The book of Obadiah is the shortest book of the Old Testament, consisting of twenty-one verses. The book supplies no information of the author other than his name. We know that Obadiah was a prophet of God about the time of Judah’s destruction by the Babylonians and he prophesied against the Edomites. Obadiah’s prophecy, therefore, occurred after Judah’s captivity in 586 BC and before Edom’s demise in 500 BC. The Edomites were the descendants of Esau (Genesis 36:9), the brother of Jacob. Although the Edomites were Israel’s enemies, they were also their distant relatives. Obadiah’s prophecy foretells of Edom’s destruction because of their wicked treatment of Israel during the Babylonian overthrow of Judah.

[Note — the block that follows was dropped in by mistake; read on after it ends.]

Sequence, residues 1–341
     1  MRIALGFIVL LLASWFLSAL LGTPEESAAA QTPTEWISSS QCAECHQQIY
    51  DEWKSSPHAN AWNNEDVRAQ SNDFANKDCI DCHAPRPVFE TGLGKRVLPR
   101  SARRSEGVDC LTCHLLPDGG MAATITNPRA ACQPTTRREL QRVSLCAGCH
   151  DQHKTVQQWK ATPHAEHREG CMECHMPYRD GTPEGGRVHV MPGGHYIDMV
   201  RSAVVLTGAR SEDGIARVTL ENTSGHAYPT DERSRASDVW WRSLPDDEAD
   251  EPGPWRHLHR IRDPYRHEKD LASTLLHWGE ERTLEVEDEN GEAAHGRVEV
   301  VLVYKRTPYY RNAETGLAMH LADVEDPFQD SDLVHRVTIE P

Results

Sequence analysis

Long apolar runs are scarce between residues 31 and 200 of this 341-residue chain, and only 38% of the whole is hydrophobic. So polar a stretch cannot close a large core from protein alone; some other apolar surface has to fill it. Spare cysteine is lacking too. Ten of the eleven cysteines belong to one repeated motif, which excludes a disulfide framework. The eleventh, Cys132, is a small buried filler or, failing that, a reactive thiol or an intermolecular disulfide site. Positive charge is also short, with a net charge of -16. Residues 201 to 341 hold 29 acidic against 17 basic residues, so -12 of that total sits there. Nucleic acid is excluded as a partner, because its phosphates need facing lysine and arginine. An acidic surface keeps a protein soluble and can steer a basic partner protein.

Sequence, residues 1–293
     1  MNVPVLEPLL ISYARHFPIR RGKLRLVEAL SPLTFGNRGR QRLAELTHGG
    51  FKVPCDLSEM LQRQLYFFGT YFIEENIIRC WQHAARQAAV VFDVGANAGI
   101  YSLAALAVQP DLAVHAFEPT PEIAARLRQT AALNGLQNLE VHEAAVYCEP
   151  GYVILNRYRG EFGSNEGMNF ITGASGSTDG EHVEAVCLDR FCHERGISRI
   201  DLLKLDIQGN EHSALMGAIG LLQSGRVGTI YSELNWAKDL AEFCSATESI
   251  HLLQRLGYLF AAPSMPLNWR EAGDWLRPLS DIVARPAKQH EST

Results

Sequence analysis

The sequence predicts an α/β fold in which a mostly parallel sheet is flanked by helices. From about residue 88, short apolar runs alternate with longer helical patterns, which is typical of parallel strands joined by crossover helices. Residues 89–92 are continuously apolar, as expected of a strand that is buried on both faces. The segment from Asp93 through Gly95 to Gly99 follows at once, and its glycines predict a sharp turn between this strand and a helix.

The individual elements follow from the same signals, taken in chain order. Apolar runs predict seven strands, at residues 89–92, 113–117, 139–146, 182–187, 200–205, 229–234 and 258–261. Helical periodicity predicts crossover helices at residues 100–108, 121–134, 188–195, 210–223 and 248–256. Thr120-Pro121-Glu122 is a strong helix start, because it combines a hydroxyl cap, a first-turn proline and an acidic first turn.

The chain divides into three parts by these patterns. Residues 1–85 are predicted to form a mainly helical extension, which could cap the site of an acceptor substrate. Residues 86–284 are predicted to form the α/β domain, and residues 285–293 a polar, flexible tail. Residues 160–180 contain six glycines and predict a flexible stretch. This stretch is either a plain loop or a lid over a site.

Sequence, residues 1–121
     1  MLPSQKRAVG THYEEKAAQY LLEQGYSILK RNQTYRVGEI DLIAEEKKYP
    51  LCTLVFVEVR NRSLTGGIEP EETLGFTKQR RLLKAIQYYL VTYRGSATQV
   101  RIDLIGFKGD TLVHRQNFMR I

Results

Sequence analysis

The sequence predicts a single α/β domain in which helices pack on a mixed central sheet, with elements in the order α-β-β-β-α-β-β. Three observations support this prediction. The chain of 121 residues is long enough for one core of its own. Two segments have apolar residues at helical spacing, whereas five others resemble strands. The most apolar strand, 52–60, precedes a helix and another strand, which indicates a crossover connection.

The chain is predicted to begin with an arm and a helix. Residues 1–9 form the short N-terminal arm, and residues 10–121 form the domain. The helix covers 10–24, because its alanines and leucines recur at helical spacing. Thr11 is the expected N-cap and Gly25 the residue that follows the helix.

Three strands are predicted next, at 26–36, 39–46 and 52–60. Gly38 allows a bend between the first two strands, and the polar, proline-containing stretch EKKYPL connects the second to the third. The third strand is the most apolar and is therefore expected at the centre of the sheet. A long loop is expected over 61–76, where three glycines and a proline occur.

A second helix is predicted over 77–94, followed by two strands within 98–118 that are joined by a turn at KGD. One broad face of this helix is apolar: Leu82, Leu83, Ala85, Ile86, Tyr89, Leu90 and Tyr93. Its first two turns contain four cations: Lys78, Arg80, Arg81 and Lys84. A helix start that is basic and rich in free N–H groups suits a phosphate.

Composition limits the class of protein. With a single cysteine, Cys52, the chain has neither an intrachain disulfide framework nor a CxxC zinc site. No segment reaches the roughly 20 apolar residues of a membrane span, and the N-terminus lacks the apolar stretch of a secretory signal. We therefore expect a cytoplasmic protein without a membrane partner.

In Habakkuk’s first prayer, he asks God why He doesn’t do something about the wickedness of Judah (1:2-4). God responds by telling the prophet that He will use the Babylonians to destroy Judah (vs. 5-7). God often utilizes ungodly people and nations as instruments of His will (Romans 9:14-24). Habakkuk prays a second time and questions God’s choice of the Babylonians since they were more wicked than Judah (1:12-17). It seemed that God was passing over Babylon’s sins in order to punish Judah. After his prayer, Habakkuk resigns himself to wait on an answer from God (2:1) which God then supplies. God says that in time He will also punish Babylon for their sins as well (2:8). God’s promise of judgment assures us that although God may delay judgment for a time, He will not allow sin to go unpunished forever.